Legislation would keep some Wetterling investigation files private
The Wetterling family's legal battle to keep certain law enforcement investigation records out of the public eye has resonated at the Minnesota Capitol, where a St. Paul lawmaker has proposed a new limit on public access to police files. Open-gov...
The Wetterling family's legal battle to keep certain law enforcement investigation records out of the public eye has resonated at the Minnesota Capitol, where a St. Paul lawmaker has proposed a new limit on public access to police files.
Open-government advocates worry that it would restrict access to records that have been open to the public for decades.
Under the bill sponsored by Sen. Richard Cohen, DFL-St. Paul, people involved in criminal investigations could request that information about them be kept private if it is irrelevant to the preparation or prosecution of the case. Law enforcement would determine the relevance and weigh that request against the value of public disclosure, or decide whether releasing the information was an unwarranted invasion of privacy.
The Wetterling family wants to prevent the release of 168 of the approximately 56,000 pages of documents related to the 27-year investigation into the kidnapping and murder of their son, Jacob. Various news media and watchdog groups argue that the entire investigative case file should be public.
"There's a lot of private information in (case files) that has no relevance to an investigation," Patty Wetterling said. "We need to be respectful of victims and also have an opportunity to have transparency. It's a needed fix."
Cohen said his bill would strike the right balance between privacy and public access and would be "used sparingly" for lengthy investigations.
Mark Anfinson, who is representing media organizations and others pushing for public access to the Wetterling records, said he has worked with Cohen in the past and said "the goal here is entirely legitimate."
But he fears it would end up blocking access to far more information than Cohen initially intended. The bill's language is too ambiguous about how and when the privacy exemption would apply, Anfinson said. He said law enforcement would err on the side of withholding records out of fear of being sued for disclosing information that should be private.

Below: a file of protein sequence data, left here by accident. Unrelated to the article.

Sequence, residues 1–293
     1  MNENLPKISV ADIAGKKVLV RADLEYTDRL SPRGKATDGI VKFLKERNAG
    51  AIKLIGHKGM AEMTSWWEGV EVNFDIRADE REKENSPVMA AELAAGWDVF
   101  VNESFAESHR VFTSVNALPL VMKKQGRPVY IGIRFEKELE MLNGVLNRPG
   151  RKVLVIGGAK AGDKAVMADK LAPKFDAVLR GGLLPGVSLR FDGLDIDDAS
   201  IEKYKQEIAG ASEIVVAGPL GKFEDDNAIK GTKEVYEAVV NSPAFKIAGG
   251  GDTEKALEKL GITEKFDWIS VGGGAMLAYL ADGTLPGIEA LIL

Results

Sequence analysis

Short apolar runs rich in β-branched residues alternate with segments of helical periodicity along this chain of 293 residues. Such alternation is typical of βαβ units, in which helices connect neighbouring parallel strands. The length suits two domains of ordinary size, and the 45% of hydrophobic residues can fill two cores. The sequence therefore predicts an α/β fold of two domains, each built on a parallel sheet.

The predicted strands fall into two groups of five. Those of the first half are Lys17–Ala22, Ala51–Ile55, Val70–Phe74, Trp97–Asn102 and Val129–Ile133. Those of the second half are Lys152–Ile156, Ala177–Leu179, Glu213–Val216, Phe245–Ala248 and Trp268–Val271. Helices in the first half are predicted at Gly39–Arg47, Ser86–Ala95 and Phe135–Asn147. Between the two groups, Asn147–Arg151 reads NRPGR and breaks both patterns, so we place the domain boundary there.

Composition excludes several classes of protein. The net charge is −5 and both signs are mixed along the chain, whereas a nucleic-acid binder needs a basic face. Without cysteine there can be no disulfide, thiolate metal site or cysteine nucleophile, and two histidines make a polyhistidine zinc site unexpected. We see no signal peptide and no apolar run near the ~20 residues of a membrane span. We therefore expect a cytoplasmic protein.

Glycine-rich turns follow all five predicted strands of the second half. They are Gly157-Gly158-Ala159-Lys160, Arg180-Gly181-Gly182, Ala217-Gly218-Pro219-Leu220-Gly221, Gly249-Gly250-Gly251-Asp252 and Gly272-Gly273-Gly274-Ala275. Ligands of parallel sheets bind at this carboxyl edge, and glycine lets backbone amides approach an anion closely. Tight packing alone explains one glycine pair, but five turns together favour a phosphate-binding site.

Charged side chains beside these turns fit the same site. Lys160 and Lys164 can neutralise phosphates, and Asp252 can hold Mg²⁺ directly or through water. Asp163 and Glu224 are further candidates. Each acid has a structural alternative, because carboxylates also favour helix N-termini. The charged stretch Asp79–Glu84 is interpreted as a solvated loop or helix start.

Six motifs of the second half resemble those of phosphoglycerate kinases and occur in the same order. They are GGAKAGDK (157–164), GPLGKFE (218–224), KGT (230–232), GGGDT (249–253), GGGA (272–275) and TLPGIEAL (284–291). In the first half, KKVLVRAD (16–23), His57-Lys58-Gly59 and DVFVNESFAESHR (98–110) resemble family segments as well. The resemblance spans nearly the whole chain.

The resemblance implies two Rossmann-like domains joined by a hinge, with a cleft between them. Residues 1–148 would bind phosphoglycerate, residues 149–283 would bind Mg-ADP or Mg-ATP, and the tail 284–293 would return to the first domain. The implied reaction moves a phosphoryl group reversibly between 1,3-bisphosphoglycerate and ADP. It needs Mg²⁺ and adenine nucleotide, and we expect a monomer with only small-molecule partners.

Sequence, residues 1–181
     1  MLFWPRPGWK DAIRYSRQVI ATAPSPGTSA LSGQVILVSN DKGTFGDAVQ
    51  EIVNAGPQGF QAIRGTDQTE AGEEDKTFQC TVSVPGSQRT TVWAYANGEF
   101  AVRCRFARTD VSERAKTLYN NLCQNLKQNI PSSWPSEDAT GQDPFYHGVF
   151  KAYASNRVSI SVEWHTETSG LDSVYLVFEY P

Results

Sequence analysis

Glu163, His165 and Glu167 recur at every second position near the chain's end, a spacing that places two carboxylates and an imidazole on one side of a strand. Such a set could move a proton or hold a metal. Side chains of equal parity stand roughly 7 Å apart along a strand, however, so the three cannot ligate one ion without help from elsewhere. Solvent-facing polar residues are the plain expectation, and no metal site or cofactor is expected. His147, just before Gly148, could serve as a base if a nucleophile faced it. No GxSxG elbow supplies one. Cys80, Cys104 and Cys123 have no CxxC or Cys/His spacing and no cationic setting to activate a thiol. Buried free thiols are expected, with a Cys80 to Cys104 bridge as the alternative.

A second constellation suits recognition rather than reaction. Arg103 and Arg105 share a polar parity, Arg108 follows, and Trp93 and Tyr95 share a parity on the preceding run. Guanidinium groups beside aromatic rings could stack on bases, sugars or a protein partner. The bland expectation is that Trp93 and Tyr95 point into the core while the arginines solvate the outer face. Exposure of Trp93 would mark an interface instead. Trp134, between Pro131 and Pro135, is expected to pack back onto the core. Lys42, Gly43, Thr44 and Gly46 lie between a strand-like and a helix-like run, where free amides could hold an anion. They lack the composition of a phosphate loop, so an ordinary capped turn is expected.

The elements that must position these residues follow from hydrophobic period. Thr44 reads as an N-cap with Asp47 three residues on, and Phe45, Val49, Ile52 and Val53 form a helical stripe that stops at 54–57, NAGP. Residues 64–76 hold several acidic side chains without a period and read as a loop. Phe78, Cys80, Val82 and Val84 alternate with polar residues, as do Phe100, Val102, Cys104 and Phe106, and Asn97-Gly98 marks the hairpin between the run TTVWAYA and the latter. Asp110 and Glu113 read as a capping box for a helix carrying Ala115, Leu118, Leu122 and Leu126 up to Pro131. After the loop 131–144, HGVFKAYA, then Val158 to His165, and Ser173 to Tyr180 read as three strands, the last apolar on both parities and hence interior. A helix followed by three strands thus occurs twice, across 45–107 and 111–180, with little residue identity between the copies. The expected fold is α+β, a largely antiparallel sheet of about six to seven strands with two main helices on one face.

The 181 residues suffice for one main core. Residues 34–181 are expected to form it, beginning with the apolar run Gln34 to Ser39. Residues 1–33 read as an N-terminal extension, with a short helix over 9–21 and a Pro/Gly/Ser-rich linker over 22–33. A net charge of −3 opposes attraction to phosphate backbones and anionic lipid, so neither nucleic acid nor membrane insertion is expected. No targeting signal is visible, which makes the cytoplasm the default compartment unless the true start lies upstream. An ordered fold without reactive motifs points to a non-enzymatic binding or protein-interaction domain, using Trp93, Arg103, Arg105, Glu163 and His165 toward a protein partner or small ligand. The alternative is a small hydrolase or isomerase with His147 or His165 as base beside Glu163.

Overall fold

"With the broad definitions and law-enforcement discretion, you could be missing a lot of information that used to be public," said Matt Ehling of the Minnesota Coalition on Government Information.
Patty Wetterling said Friday that during the investigation, people turned in friends and family members who had victimized them, but their stories did not end up being relevant to the case.
"We have to protect those who come forward," she said.
She has previously said the 168 pages they would like to suppress do not mention Danny Heinrich, the man who confessed to killing her son, and do not show any wrongdoing or negligence by law enforcement.
Doug Kelley, the Wetterlings' attorney, said Minnesota's data privacy laws are "woefully behind the times." He said other states have "a safety valve for privacy," similar to what Cohen proposed.
Cohen's measure states that inactive investigative data would be private if the person who is the subject of the data requests it, and if certain conditions are met.
"It's meant to deal with unusual investigative matters in a very, very narrow way," Cohen said. "If I felt this approach would run into the appropriate public need to know, I wouldn't do it."
Anfinson said he plans to talk with Cohen in the next week and hopes to work on the legislation, though he said he's not sure it can be improved enough to address his concerns.
Cohen is unsure how much headway the bill will make in this year's short, busy legislative session. A committee has not yet scheduled a hearing for the measure. If it doesn't progress this year, Kelley said he will urge lawmakers to push for it next year.
In the court case about the Wetterling file, it could be another month or more before Douglas County (Minn.) District Judge Ann Carrott rules, Anfinson said, and then there would likely be an appeal. He said the legal fight may still be underway during next year's legislative session.